Fortunately, HDFC had the wherewithal to buy out Chubb’s stake. We then were extra cautious in identifying our new joint venture partner. The key lesson learnt was that we needed partners who shared our long-term commitment to growing the business in India. Five months after the fallout with our first partner, the ball started rolling again with our new joint venture with ERGO International AG, a Munich Re subsidiary and then it was business as usual once again.
What really helped us was the strong retail distribution franchise, a clear mandate that we preferred steady growth and returns on our investments, rather than trying our hand at risky investments which would make the portfolios highly volatile.
Our other large company is the HDFC Asset Management Company (AMC). HDFC was amongst the first entrants in all the other financial services when the sectors opened up. But this was not the case with mutual funds. Unit Trust of India had been the first mutual fund set up in 1963, followed by public sector mutual funds in 1987. The AMC business was opened up to the private sector in 1993. But HDFC set up its AMC with Standard Life as its partner only in the year 2000, making it a very late entrant. But HDFC scaled up rapidly.
What really helped us was the strong retail distribution franchise, a clear mandate that we preferred steady growth and returns on our investments, rather than trying our hand at risky investments which would make the portfolios highly volatile. This strategy paid off well and currently HDFC is one of the largest mutual funds in the country with average assets under management of ₹ 3.06 lakh crore, close behind ICICI Prudential as of July 2018.3 More importantly, HDFC Mutual Fund has the largest market share of individuals investing in Systematic Investment Plans (SIPs). HDFC Mutual Fund, with almost nine million individual accounts is helping more people earn better through the equity and debt markets.
What do households value?
HDFC had built up a strong presence across the financial space and the question we kept asking ourselves is – what next? Ironically, if one introspects, most solutions tend to lie in one’s own backyard. We went back to the drawing board and asked: what do Indian households value the most?
It is therefore of utmost importance that we are careful, conservative and cautious in all our business dealings because, at the end of the day, financial dealings are about trust and confidence.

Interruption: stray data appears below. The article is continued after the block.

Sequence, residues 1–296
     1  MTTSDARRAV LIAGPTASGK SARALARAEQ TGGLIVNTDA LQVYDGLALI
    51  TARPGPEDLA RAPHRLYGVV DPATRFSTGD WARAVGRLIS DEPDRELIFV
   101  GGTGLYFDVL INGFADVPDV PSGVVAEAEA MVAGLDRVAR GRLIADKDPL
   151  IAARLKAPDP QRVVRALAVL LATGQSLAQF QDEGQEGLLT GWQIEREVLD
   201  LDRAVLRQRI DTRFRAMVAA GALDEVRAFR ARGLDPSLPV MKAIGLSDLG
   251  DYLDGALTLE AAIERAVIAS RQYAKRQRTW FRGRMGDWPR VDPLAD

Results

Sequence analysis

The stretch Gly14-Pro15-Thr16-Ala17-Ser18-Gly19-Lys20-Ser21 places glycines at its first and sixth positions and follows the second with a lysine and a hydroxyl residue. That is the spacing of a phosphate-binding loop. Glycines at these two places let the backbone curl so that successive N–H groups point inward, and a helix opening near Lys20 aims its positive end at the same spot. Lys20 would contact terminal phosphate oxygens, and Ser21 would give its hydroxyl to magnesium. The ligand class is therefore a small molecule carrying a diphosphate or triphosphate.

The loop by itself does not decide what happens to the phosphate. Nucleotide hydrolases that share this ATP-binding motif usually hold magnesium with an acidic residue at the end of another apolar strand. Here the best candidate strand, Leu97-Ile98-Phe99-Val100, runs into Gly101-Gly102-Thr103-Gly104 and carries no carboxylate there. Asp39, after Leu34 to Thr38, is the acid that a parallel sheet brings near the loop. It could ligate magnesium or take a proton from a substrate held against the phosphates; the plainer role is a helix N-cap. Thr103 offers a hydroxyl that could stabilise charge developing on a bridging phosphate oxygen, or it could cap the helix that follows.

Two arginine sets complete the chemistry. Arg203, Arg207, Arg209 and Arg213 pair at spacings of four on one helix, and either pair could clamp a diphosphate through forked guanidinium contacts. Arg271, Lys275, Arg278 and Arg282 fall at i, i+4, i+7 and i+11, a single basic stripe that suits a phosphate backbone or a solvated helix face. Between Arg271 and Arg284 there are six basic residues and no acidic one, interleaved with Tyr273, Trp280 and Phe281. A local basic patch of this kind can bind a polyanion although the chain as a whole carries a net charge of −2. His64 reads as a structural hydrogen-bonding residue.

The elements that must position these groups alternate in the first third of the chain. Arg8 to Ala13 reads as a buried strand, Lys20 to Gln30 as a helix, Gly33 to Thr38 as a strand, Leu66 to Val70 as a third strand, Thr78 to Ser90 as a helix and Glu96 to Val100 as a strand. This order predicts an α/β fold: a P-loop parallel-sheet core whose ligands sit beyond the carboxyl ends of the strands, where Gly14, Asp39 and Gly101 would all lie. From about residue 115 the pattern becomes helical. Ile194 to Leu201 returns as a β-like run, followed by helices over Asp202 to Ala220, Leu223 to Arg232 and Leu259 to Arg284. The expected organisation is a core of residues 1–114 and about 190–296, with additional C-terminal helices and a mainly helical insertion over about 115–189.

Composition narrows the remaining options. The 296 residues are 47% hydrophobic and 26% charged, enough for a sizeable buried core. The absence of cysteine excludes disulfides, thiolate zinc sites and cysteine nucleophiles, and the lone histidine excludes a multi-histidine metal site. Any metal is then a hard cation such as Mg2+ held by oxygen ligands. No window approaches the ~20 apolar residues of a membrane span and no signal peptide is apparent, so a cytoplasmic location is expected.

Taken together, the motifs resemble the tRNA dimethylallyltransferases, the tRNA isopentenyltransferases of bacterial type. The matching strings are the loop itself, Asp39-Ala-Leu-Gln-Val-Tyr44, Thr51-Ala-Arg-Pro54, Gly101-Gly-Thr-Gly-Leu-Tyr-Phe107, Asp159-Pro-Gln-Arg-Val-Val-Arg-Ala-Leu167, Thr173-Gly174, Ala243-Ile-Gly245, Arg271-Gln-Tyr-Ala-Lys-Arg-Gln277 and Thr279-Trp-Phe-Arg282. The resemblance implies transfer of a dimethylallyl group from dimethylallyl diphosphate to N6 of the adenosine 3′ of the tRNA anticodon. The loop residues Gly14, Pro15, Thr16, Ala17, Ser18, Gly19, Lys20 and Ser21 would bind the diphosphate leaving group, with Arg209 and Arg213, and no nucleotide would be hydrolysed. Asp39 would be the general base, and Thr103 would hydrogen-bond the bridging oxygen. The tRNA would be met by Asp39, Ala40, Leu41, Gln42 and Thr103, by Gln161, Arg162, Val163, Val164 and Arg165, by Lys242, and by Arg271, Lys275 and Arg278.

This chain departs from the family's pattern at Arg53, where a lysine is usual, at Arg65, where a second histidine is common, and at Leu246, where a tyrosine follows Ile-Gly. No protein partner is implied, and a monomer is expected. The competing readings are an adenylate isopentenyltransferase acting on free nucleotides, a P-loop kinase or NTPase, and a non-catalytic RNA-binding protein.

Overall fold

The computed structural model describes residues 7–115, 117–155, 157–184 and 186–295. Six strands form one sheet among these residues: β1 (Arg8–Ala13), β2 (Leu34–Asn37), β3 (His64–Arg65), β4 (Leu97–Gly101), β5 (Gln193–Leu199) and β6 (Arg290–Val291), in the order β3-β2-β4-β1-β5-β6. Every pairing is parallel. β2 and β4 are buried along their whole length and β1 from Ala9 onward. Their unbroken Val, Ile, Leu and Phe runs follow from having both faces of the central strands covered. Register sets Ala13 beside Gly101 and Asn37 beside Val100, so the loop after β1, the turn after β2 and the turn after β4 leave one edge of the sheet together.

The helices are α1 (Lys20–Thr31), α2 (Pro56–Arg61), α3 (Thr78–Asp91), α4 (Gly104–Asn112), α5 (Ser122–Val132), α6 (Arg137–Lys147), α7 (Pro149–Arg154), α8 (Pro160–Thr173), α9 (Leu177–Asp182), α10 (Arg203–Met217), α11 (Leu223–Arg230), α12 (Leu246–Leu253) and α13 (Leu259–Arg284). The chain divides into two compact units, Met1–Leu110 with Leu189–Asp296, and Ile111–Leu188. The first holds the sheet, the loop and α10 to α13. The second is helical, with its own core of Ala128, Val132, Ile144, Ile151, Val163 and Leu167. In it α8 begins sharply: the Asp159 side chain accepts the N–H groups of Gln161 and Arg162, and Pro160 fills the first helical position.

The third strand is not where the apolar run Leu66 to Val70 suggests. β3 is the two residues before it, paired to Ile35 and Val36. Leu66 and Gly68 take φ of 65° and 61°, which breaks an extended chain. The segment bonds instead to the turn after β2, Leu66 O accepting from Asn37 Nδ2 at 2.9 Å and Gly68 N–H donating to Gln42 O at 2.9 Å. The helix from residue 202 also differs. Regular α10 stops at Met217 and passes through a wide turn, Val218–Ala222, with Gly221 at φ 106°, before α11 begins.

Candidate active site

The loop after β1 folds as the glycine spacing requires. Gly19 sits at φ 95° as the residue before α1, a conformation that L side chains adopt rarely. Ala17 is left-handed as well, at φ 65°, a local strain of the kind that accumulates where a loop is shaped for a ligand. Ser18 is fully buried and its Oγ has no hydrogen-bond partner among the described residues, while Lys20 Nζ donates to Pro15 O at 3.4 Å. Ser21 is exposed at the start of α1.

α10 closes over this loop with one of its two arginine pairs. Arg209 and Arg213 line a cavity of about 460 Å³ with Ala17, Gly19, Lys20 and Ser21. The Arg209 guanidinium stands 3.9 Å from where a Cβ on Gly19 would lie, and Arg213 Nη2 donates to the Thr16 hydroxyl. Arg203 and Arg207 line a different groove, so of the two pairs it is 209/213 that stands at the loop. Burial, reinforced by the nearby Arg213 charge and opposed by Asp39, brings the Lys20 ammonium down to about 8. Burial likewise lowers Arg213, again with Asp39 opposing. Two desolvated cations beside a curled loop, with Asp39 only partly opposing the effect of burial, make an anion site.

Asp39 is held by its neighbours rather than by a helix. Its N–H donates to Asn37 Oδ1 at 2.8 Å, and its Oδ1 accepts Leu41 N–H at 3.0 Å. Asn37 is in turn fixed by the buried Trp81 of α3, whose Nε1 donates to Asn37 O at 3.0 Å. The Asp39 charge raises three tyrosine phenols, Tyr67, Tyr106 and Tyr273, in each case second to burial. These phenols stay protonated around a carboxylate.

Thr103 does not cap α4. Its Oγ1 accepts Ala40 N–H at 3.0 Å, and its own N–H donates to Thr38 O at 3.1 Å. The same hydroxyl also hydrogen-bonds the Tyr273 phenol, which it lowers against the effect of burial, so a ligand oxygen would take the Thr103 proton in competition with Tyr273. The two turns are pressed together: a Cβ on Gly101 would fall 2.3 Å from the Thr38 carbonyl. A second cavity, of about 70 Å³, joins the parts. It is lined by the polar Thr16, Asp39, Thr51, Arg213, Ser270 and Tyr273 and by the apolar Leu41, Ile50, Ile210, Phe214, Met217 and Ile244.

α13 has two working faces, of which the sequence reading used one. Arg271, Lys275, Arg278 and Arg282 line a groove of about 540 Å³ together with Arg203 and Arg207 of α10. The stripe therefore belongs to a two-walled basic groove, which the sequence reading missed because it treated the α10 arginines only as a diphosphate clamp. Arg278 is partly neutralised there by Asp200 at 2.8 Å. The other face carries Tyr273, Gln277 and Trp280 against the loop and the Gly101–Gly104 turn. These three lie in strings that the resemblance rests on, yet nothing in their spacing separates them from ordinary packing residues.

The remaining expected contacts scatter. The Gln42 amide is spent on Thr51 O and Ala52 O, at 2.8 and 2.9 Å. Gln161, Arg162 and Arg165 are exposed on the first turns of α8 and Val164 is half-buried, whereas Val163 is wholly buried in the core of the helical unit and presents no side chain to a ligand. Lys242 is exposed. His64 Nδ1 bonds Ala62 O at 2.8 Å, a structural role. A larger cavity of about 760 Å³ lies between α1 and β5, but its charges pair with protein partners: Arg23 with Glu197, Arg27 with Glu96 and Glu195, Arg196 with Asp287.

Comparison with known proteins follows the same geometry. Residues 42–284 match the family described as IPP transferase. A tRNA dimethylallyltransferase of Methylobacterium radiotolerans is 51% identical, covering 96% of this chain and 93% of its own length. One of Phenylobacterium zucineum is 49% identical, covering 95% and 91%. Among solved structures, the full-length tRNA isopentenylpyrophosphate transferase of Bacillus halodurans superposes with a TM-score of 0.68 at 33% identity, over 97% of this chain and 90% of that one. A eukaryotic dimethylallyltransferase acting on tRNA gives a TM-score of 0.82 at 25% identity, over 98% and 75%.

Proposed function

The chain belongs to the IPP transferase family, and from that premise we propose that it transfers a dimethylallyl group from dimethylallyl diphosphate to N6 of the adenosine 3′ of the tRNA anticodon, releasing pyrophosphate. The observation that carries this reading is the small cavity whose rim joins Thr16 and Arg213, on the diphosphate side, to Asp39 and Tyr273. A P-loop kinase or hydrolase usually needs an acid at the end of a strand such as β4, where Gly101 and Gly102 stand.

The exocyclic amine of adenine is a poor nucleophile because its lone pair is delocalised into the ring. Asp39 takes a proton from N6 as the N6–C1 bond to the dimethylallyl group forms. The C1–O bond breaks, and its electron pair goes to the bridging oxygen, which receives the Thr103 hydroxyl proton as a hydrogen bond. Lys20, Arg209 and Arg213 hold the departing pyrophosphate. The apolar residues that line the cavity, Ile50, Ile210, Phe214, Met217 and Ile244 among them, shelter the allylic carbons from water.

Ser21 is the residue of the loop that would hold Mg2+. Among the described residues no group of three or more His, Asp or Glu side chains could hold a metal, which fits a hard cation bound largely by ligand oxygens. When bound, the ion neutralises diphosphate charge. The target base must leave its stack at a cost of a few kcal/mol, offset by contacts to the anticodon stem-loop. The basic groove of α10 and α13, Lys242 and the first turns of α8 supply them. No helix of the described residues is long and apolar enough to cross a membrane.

First, people spend on housing and the second major spending is education for their children. That is how our foray into education began. The objective was to capitalise on our strong brand name and provide affordable education. So in our education stable, we have a company called Credila that provides loans for higher studies and we have a chain of K-12 schools, called The HDFC School.
Within the HDFC group, the brand name has been lent purely on the basis of trust. All our businesses largely deal with retail customers. It is therefore of utmost importance that we are careful, conservative and cautious in all our business dealings because, at the end of the day, financial dealings are about trust and confidence.
Chairman of HDFC Asset Management, HDFC Standard Life Insurance Co and HDFC Ergo General Insurance in addition to HDFC, Deepak Parekh received the Padma Bhushan in 2006. Deepak Parekh is the non-executive chairman in India of Siemens, Glaxo Smithkline Pharmaceuticals and BAE Systems India (Services). He is also on the boards of Indian Hotels Company Ltd and National Investment and Infrastructure Fund (NIIF) and International boards of DP World – UAE, Vedanta Resources plc and Fairfax Financial Holdings Corporation – Canada. Mr Parekh has won several international awards including the Cross of the Order of Merit by Germany in 2014 and the Knight in the Order of the Legion of Honour by France in 2010. He was the first international recipient of the Outstanding Achievement Award by Institute of Chartered Accountants in England and Wales in 2010.